For, in the end, if we seek to bear in mind the essential elements of the situation in which they are seeking their way, it seems to me that we have to consider two facts, and look them properly in the face:
1) The ideological rebellion of educated youth, which reached its peak in May 1968 in France, began ten to fifteen years ago in many parts of the world. It is clearly a quite different event from the ephemeral aesthetic rebellions of the early 1920s, and different again from the enrolment of youth in pre-war fascist movements. It is in fact a global rebellion, and it is incontestably, taken as a whole and despite certain stupidities, no matter how serious these are, a deeply progressive rebellion, which holds a far from negligible place historically in the world class struggle against imperialism. It is actually undermining the apparatus par excellence for inculcating bourgeois ideology -- the capitalist school system. There is every reason to believe that, even if it suffers serious setbacks, this rebellion has ahead of it, through its trials and beyond these, a real and lasting future. The fundamental question faced by this rebellious youth is the following: will it effect a fusion with the Workers’ Movement, not in words but in acts? Will it be helped to realize this fusion?
2) The fact is that in May this amazing youth had to wage the gigantic struggle in which it was engaged, too great for its own forces, in an objectively dramatic condition: abandoned to itself, in other words, alone.
This is an objective fact, which we have to consider with the utmost seriousness.
The fact is that, except in China, where in an absolutely different context, and with immediate aims that do not correspond to our own conditions, the leadership of the People’s Republic took the head (or the initiative?) of the ideological rebellion of youth, over the last several years – marked in France by successive crises of the Communist student organization – our Communist parties had practically lost contact with the mass of educated youth.
Yet apart from simply noting this fact,I have not seen that anyone has really it taken seriously or analysed it fundamentally, not only as a fact of our own history, but as a fact that goes beyond the borders of our country, since this ideological rebellion has affected for several years, and is continuing to affect, not only the capitalist countries, but certain socialist countries themselves. I have not been aware of any concrete, systematic and in-depth analysis of the concrete global and national situation that led to this loss of contact, which is very damaging, not only to the struggle of the working class, but also and above all to educated youth themselves.
I know that since May the Party has made great efforts to rebuild a contact that had been lost in May, at a crucial moment in the class struggle, but given the lack of a concrete analysis of the situation that led to this lamentable fact, I have reason to fear that the new contacts we are currently in the process of building rest on certain ambiguities or certain omissions that may well cost us quite dear sooner or later, despite victories that risk being in part Pyrrhic ones. For it is impossible, according to proper Leninist doctrine, to correct a mistake, or make up for a gap resulting from a mistake, except on the absolute condition of analysing the causes of this mistake right to their root.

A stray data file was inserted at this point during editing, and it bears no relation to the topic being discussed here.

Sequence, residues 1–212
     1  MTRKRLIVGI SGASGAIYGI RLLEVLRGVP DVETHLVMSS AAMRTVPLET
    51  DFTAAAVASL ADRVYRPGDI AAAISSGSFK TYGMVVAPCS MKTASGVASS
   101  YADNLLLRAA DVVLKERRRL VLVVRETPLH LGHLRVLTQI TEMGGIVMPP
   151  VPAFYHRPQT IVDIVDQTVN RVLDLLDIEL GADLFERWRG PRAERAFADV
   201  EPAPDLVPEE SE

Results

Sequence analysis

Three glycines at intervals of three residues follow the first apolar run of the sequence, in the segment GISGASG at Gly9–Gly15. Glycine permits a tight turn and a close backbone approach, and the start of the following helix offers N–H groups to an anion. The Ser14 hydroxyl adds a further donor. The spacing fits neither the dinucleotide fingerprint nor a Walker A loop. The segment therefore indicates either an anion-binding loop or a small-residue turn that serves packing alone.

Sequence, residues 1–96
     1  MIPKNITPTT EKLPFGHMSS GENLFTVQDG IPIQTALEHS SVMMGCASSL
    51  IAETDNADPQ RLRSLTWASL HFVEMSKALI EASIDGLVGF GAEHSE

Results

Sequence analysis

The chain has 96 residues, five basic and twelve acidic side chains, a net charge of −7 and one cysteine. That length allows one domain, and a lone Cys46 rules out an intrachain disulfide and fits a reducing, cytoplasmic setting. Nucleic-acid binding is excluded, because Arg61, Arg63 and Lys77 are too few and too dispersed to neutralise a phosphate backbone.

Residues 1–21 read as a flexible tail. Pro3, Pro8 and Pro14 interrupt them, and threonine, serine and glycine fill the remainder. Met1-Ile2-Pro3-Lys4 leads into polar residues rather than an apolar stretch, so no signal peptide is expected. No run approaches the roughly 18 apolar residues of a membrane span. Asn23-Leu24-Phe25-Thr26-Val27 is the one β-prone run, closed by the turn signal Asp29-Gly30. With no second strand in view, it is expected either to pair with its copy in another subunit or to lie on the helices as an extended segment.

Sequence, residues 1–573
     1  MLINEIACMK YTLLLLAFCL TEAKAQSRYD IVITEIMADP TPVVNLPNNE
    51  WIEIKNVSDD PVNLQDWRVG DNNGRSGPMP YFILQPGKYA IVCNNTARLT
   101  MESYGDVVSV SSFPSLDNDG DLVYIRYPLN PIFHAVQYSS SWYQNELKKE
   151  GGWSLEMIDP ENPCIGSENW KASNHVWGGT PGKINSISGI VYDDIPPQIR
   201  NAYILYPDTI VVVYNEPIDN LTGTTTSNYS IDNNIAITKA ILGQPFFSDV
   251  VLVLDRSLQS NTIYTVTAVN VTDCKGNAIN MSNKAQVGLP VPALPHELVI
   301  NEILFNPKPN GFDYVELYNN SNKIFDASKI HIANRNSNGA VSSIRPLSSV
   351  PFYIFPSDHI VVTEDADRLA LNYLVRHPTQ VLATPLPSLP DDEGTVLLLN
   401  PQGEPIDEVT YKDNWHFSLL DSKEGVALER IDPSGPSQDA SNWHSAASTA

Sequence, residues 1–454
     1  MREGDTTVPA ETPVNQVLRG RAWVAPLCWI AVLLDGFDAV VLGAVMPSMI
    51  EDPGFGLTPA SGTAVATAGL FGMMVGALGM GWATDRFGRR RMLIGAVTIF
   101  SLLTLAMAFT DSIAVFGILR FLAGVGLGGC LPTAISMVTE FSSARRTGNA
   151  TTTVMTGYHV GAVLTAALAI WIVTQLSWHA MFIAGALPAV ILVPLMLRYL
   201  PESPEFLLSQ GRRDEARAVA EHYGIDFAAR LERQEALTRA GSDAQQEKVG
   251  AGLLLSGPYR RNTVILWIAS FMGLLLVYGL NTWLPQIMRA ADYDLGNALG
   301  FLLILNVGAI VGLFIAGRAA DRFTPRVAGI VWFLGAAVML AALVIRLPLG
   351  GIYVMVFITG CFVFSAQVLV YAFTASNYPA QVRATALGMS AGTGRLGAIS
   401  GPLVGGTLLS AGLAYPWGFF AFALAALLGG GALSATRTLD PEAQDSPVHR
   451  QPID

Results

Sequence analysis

What I say of the student situation applies equally, with all due reservations, to the situation of the working class itself in May. If we had at our disposal more concrete analysesof what happened in May, in the different strata of workers, the different branches of production and employment, we would be able to give the students great help in correcting the largely illusory idea that they have of the working class, its conditions of existence and struggle, its rhythms and experiences, its confidence and also its suspicions.
I believe I can maintain, all things considered, that this absence of an overall analysis, both systematic and detailed, of the causes for the loss of contact between the Party and educated youth in May on the one hand, and this insufficiency of detailed analyses of the actions of the working class in May, on the other, contributed to abandoning the actions of the educated and intellectual youth to themselves, in May and since May, and quite particularly, contributed to casting them head first – both in May and since then – into the archaic illusions of anarchist or anarchisant ideology that are currently dominant.
This is all leading up to a conclusion, which I would like, following Lenin’s advice, to be not simply critical but also and especially positive, although it necessarily remains programmatic, given the state of information available.
I believe it is necessary, once things are put back on their feet (in other words, once the absolute historical primacy of the general strike over the student actions in May is asserted, and demonstratively reasserted), to consider with the utmost seriousness the ideological rebellion of educated youth and young intellectual workers that has long been brewing in the world and in France, taking a spectacular form here and there (Turkey, Japan, Germany, Italy, Spain, USA, etc.) before culminating in France in May, thanks to the general strike.
It is necessary to analyse in depth the underlying reasons, international and national, for this ideological rebellion, which is, naturally at its own level, an unprecedented event in history and an irreversible one.
It is also necessary, without retreating from this difficult task, to analyse in depth the reasons for the loss of ideological and political contact with the educated and intellectual youth on the part of the Communist parties, in both international and national terms.